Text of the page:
Generally, the species is doing alright, but threats include the continued loss of wetlands, collisions with overhead power lines, use of persistent pesticides (such as DDT) to combat locusts in Africa, and largely illegal hunting on migration routes and wintering grounds. https://en.wikipedia.org/wiki/White_stork#Conservation
Podiceps nigricollis spends its winter on salty lakes and coastal areas, and this is exactly where I found this adult in its non-breeding plumage: the lagoon of Venice. Urban birding rocks!
If anyone has a good idea how to take photos of birds moving up and down on waves and not to lose focus on the target, please tell me 🙂 .
Former Opera House and now used for the occasional concert or play, the theatre is way too underused in my opinion.
My students tell me that there’s only sparse information available on the schedule. So we were rather lucky because the friend of a friend was going to perform there with a famous Algerian singer, and we managed to get some tickets.
The interior is the same style as the exterior. It’s not exactly what I like in terms of architecture or design, but it’s being kept in good repair.
The singer we saw is Lila Borsali. She sings in Arabic, Amazight and French in a style called musique andalouse in French. Lots of influences from Spain to Turkey make this really fascinating – check out her youtube channel: https://www.youtube.com/user/ekleila.
Recent news about Pygoscelis adeliae hasn’t been very good (https://www.theguardian.com/environment/2017/oct/12/penguin-catastrophe-leads-to-demands-for-protection-in-east-antarctica). It’s down to us human animals to protect what we haven’t destroyed and killed off yet.
It’s quite a title for a museum that has a vast area available to display its exhibits. Ahmed Zabana is of local and national importance (https://en.wikipedia.org/wiki/Ahmed_Zabana). I think it’s his photo hanging in the entrance hall. Inside the museum, photography is not allowed. Hence there won’t be any pics of all the bones, stuffed animals (including a goat embryo with a double head), swords, painted landscapes, clothes or pottery. You see, the collection is holistic rather than specialised.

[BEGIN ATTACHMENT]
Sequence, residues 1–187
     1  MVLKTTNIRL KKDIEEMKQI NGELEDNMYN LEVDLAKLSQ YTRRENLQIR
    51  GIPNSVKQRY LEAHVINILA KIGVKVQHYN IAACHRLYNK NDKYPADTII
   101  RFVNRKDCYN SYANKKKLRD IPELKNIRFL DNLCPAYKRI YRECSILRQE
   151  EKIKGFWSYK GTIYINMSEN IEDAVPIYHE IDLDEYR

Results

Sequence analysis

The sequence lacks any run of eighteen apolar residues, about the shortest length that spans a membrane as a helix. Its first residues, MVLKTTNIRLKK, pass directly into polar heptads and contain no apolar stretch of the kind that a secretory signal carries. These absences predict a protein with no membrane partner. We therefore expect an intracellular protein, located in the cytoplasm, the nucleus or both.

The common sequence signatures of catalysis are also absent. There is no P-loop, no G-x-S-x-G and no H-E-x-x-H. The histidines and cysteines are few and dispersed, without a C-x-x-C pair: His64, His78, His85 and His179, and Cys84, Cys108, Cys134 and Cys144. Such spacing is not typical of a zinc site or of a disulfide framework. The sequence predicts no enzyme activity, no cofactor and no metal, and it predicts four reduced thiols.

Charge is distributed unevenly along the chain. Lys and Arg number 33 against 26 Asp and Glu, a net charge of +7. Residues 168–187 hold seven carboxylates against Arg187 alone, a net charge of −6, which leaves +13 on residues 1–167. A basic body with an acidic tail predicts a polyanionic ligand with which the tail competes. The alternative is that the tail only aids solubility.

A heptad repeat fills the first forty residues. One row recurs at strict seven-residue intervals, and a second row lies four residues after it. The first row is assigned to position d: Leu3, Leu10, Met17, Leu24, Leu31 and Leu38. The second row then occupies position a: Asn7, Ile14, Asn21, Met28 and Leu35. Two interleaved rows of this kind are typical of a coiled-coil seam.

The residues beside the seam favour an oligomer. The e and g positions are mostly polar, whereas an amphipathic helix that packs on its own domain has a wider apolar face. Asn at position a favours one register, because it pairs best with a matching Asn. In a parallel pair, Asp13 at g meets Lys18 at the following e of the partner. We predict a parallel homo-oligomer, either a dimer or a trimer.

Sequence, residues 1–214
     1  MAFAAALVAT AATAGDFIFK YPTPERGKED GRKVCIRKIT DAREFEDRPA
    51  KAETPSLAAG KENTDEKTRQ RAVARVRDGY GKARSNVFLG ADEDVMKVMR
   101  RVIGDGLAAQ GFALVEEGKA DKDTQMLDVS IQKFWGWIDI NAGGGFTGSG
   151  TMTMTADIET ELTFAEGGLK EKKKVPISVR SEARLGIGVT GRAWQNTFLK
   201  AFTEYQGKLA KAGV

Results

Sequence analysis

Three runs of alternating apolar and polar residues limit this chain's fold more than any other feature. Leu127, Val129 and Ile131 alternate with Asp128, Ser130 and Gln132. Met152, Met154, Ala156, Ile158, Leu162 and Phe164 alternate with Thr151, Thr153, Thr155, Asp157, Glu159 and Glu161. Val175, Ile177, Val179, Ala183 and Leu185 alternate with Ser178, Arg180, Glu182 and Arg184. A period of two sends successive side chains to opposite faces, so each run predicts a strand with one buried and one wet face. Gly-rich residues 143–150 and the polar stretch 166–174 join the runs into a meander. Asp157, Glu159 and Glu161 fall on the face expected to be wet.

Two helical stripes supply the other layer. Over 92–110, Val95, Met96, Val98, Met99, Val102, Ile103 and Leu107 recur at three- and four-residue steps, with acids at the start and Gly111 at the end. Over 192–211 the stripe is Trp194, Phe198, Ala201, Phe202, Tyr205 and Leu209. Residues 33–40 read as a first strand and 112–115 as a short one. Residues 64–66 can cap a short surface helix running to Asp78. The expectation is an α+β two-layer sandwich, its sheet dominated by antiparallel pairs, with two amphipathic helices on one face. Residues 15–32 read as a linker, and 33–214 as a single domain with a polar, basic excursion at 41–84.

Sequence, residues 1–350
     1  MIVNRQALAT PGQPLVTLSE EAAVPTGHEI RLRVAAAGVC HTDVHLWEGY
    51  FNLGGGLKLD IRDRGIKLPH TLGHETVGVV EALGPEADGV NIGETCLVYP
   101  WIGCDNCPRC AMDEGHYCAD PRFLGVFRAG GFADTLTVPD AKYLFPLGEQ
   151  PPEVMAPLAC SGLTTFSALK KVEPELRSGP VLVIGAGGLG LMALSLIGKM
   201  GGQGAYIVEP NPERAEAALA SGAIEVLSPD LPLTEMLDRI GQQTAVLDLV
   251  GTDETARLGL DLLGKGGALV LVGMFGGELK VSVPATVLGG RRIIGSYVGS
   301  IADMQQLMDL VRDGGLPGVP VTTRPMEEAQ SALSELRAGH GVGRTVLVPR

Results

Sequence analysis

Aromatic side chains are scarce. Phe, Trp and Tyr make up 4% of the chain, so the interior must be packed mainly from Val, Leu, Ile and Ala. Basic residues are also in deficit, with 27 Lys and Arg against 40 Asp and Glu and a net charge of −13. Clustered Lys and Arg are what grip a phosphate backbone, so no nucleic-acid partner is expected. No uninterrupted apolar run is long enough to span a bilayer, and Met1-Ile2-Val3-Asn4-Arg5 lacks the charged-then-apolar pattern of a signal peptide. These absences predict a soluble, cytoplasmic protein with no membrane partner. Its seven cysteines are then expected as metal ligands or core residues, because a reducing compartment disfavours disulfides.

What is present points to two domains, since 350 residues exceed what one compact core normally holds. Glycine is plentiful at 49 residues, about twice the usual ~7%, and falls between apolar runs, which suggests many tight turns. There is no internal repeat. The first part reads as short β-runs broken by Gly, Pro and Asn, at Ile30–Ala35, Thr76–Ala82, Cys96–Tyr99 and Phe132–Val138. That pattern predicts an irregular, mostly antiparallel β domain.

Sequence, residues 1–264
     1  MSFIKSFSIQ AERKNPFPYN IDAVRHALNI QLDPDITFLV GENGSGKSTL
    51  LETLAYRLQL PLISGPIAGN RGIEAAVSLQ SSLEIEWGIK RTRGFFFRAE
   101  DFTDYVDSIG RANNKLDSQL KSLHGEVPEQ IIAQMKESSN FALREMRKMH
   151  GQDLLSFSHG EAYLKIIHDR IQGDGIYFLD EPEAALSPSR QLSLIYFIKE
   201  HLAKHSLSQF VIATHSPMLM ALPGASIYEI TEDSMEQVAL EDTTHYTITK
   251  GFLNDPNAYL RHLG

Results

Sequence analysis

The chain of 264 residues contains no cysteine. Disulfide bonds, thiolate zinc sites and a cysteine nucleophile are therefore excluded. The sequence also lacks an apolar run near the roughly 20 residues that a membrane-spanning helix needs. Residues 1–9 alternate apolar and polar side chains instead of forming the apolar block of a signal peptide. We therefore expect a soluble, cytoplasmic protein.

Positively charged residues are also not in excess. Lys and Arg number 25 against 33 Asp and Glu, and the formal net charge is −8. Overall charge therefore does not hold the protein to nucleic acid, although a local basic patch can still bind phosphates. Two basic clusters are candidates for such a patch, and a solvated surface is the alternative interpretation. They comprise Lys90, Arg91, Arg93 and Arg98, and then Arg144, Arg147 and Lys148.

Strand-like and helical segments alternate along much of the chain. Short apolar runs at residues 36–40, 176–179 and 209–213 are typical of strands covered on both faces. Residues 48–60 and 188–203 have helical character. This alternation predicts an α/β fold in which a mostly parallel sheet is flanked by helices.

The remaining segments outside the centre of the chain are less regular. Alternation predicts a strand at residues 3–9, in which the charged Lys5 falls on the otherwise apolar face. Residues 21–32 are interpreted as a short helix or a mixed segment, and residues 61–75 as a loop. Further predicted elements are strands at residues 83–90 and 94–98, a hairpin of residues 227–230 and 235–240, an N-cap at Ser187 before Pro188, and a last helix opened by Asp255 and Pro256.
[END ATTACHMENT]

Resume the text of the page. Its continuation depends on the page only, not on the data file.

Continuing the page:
On the whole, I think the way the exhibits are presented leaves a lot to be desired. There’s a name, sometimes a year and place of origin. For animals, the Latin name of the species is given. Other than that, next to no context. So not as informative as it could be, and also a bit dull. Having said that, I realise that keeping such a vast and diverse collection must put an enormous strain on the curators even just in terms of day-to-day house keeping. And I also appreciate that all labels are in Arabic as well as French.
My favourite object was a 20th-century bamboo stick from New Caledonia. I guess that’s a reminder of French colonialism – how else would the stick have ended up in Oran? Anyway, it was beautifully and intricately carved with animals like cats and humans.
On the outside, the museum looks very different again. The murals seem to commemorate Algeria’s distant past during Numidian or Roman times. Judge for yourself: